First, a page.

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Monday, June 30, 2008

Soviet Soldiers WWII





















Italeri makes a set of Winter Russians, figures for the Soviet Army in late WWII, in 1/72nd scale plastic. These figures are molded in a tan plastic and are very well done. In comparison to the old Esci Russians these figures have finer detail, but the style and size is similar. There is no flash on the set, you get three identical sprues.

























These tan photos show the Italeri Russians. The dark gray figures are the Pegasus WWII Soviet Infantry, Winter and Soviet Infantry, Summer. As you can see from the photos the figures are identical in size, but the Pegasus have a bit finer detail. The Pegasus set has one piece figures with bases! These three figure sets were designed to work together so the weapons are an excellent mix. The Pegasus has about 40% rifles and 40% PPSH SMGs and the rest are mostly light machine gunners.
























The Pegasus sets include an officer figure as seen here directly behind the tan figure standing in the great coat and helmet. The Pegasus sets are pre-production and the plastic color and final details my yet change in the production version. Another excellent set from Pegasus! There will be at least two other WWII Soviet sets from Pegasus after these, heavy weapons, winter and summer. Look for these infantry by the end of the year and the new sets late in 2009.

Sunday, June 29, 2008

Sdkfz 247 UPDATE!


















This is a prototype model of an HO scale SdKfz 247 six wheel World War Two German armored car. These pre-war vehicles were limited production and are lightly armored. Most were used as command and reconnaissance vehicles.




















This is the first time I have ever seen this vehicle in 1/87th scale. Bill, Jr. has not started production yet, but they should be available soon. I have not seen the actual kit yet, but the prototype looks good so far. Bill is quick, he did this in only a few days. Thanks Bill, Jr. for the photos.

Bill Jr's Custom Military Models
150 Pine Lane
Odenville, AL 35120

205-467-6442
fax 205-467-7814

da_ghost_8152@yahoo.com

Sdkfz 247 only $10 each. Contact Bill, Jr. for full details, payment information and shipping. Also ask for his full product listing.






Saturday, June 28, 2008

The Poll is Dead

My recent polling data suggests that by an overwhelming margin our 1/72nd scale figure buyers like the dead and wounded figures in their plastic figures sets. I hate those figures as I consider each dead or wounded guy to be a waste of sprue space. Each sprue only has a limited amount of space and each figure costs the same, live or dead. Recently, with the new glueable plastics I have come to see some new value in the dead or wounded.


One of our contributors from Brazil has already showed some great ways to resurrect the dead and make them into useful living soldiers. With the new glueable plastics I am making more figures using either the dead guy as the basis or as the donor for new parts. Pegasus and Imex have helped with this to some degree by making their dead with details on the top and bottom sides. It gives more use for these figures in conversions.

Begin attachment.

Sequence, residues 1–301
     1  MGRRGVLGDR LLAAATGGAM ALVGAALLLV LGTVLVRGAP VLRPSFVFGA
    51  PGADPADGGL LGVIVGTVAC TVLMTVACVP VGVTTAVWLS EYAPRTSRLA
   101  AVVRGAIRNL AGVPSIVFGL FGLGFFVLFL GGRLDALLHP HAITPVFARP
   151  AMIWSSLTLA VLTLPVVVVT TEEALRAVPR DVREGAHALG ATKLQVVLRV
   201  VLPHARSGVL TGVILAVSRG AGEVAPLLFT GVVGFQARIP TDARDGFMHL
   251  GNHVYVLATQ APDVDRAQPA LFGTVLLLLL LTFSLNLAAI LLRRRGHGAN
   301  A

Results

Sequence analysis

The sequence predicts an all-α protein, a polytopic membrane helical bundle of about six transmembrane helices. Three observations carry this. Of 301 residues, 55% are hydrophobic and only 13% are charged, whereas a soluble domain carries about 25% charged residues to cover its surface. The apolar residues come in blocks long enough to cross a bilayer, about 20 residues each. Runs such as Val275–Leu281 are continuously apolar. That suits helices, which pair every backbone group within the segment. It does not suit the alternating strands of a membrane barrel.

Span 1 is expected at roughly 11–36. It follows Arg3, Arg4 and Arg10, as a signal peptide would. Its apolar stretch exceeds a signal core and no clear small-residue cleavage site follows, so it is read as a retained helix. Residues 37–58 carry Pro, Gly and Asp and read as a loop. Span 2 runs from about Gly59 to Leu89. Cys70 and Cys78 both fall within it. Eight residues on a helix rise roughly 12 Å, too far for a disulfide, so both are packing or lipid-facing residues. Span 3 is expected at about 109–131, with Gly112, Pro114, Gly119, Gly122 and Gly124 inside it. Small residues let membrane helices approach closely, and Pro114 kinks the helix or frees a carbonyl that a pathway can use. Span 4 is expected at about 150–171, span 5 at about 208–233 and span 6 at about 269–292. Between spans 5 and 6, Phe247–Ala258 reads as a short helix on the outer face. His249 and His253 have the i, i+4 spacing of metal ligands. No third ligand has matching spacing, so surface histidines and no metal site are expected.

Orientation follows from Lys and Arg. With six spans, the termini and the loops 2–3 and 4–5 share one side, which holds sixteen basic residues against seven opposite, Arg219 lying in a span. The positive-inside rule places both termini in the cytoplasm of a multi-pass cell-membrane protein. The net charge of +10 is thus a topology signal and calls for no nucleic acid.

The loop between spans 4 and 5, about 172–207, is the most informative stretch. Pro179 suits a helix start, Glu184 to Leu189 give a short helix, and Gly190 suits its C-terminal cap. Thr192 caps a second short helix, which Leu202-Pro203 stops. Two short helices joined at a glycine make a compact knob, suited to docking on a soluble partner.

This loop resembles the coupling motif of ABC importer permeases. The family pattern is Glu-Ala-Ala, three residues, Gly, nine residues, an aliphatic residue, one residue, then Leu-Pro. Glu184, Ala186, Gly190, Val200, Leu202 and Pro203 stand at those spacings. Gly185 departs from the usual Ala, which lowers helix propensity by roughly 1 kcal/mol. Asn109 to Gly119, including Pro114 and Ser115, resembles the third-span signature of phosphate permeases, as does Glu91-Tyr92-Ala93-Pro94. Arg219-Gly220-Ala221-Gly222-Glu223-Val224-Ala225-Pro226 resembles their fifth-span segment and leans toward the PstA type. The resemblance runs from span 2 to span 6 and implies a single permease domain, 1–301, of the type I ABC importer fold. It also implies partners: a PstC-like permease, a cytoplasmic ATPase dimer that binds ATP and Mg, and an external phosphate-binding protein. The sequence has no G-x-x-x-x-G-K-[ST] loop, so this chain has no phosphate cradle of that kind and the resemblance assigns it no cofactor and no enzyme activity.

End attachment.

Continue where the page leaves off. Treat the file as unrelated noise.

So it looks like dead guys are here to stay, and I better get used to them.

Friday, June 27, 2008

Pegasus Paratroopers





















Larry Pegasus sent me these two photos of a prototype master figure from the WWII German Paratrooper set he is working on. This set will be out in 2009 or 2010. He says there are a couple errors on some of the masters that have already been fixed or will be fixed soon. If you spot any errors or otherwise want to make a comment, use the comments portion of this blog, Larry and his minions read it all the time to keep up with the latest developments.























I think this is a great looking figure, not unlike the pose from the old Airfix WWII German Infantry set, one of my favorites. Notice the SMG and other bits are in light resin. They sculpt weapons and accessories first, copy them in resin and use the copies on all the troops so that the weapons and water bottles, etc all look the same on each figure.

Thursday, June 26, 2008

Rubber Tired Ox Cart





















The Pegasus California Mission Indian set has a very nice ox cart with many uses. Here the cart has been modified by the use of modern rubber tires. I have seen ox carts like this in photos from India, South American and Eastern Europe even now.





















Here is an Italeri North Vietnamese soldier on the back of the cart. The Pegasus oxen have separate horns which could be installed backwards to better simulate water buffalo. I have not done that in this photo since I intend to use it for Europe, but I will buy more and will try that from some in the future.

Wednesday, June 25, 2008

WWII Soviet Infantry from Italeri






















The new Italeri 1/72nd World War Two Russian Infantry set is out in stores now. They are molded in tan plastic and totally flash free. You get three identical sprues which include a light machine gunner and a mortar.























The figures are mostly armed with PPSH submachine guns. The light machine gun has a gunner kneeling behind a wall with a number two gunner pointing and holding a spare disk magazine.